The goddesses’ postures vary from left to right in order to accommodate the triangular architectural space. The Hestia sits upright nearest the apex and at the far left of the grouping, though the tuck of her right foot teases impending movement. The naturalistic rendering of the goddesses' anatomy, harmoniously blended with complex drapery that flows over them transparently as if liquid, make this grouping a remarkable example of Classical style at its most refined.
In 1911, the year he became the Dean of the Faculty, Battle purchased the two-piece cast of the goddesses of the Parthenon's East Pediment. Although he probably did not realize it at the time, with this acquisition Battle involved UT in the ongoing debate of ownership that had surrounded the Parthenon Marbles for nearly a century. While serving as the British ambassador to the Ottoman Empire from 1799 to 1803, Thomas Bruce, 7th Lord Elgin, removed sculptures and ornaments from the Parthenon for his private collection. This instigated immediate public outcry; notable individuals, like Lord Byron, attacked Elgin's actions in print. In 1816, having squandered his wealth obtaining and storing the marbles, Elgin sold them to the British government for £35,000. Today, they are displayed in the British Museum, though Greece continues to request their repatriation.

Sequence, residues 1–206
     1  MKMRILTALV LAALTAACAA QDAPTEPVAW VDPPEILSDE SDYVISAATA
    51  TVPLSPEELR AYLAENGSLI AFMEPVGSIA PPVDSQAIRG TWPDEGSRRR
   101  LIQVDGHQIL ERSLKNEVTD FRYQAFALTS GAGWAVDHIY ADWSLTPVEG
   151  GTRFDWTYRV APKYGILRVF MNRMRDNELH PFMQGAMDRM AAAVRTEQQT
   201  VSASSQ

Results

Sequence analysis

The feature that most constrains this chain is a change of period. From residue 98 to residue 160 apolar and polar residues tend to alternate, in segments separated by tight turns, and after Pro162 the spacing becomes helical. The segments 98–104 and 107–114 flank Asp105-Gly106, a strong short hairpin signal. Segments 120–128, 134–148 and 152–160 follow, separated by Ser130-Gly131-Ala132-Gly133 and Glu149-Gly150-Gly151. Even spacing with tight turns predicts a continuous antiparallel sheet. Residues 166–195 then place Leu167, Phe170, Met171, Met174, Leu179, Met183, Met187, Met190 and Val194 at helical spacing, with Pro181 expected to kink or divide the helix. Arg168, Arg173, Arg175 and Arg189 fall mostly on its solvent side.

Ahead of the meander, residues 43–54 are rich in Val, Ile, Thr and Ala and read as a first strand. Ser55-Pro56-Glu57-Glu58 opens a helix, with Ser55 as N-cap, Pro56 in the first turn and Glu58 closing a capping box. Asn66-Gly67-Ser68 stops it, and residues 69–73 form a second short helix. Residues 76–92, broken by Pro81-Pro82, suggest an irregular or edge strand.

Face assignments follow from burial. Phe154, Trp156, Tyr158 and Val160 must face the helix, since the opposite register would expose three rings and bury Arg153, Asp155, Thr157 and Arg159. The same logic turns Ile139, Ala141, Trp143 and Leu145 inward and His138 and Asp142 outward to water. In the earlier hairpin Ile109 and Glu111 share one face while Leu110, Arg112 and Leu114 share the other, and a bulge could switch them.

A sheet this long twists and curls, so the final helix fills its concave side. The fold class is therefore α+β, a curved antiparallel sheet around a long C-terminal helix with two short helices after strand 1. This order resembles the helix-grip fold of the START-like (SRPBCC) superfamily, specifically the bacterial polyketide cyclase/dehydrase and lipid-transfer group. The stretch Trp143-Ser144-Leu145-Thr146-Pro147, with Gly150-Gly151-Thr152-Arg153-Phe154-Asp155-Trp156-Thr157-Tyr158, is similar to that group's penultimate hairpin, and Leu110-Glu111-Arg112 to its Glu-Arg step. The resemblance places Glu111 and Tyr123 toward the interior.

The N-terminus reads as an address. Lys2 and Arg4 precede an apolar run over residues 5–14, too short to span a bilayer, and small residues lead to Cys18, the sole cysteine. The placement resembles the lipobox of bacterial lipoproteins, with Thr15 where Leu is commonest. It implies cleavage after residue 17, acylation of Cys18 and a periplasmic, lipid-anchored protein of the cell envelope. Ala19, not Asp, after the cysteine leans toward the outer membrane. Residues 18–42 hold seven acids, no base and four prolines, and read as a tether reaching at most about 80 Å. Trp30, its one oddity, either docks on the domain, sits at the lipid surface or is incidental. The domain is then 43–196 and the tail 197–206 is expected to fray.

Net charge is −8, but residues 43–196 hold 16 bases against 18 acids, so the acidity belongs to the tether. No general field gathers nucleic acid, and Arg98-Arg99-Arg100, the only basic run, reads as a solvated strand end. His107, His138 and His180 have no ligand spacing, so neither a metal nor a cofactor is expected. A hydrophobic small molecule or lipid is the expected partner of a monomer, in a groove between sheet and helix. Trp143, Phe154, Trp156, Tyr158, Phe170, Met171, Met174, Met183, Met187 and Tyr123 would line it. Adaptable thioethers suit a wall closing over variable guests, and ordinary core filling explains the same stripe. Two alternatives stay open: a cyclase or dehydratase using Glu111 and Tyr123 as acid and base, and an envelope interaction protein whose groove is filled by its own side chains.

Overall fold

At UT, the goddesses were first displayed in the Old Main Building. Initially installed on the lower floor, they were moved in 1914 to the newly organized cast gallery on the top floor of the building. They were then moved in 1937 to the cast gallery in the New Main Building, where they remained until conflicting claims on the space led to the casts’ dispersal. The goddesses landed in the Classics Lounge at Waggener Hall; a 1974 memorandum records a vote of the whimsically-named "Committee on the Casting Off of the Casts" to keep the goddesses in the lounge. While the Hestia was in that location, however, students developed a tradition of sitting on her lap for photos, resulting in cracks in the plaster. These damages are recorded by the 1976 conservation survey conducted while the casts were in storage at the Pickle Research Campus. From 1980, the goddesses were prominently displayed at UT’s Huntington Art Gallery. In 2006, they moved to the second-storey atrium of the new Blanton building, but their tenure there was brief: in 2009, the cast of the Hestia was placed in storage, where it remains today.